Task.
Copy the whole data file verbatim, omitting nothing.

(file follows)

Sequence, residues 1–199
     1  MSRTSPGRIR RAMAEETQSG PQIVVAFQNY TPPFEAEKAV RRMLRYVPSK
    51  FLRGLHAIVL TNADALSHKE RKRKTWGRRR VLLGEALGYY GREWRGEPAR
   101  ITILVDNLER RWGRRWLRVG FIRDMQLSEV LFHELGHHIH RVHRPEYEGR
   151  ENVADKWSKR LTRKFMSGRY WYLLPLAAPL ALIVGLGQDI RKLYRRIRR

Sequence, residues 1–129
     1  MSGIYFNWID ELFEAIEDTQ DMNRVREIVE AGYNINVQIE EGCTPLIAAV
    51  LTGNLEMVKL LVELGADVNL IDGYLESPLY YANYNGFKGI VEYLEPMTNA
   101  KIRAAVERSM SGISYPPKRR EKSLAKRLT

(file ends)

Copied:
Sequence, residues 1–199
     1  MSRTSPGRIR RAMAEETQSG PQIVVAFQNY TPPFEAEKAV RRMLRYVPSK
    51  FLRGLHAIVL TNADALSHKE RKRKTWGRRR VLLGEALGYY GREWRGEPAR
   101  ITILVDNLER RWGRRWLRVG FIRDMQLSEV LFHELGHHIH RVHRPEYEGR
   151  ENVADKWSKR LTRKFMSGRY WYLLPLAAPL ALIVGLGQDI RKLYRRIRR

Sequence, residues 1–129
     1  MSGIYFNWID ELFEAIEDTQ DMNRVREIVE AGYNINVQIE EGCTPLIAAV
    51  LTGNLEMVKL LVELGADVNL IDGYLESPLY YANYNGFKGI VEYLEPMTNA
   101  KIRAAVERSM SGISYPPKRR EKSLAKRLT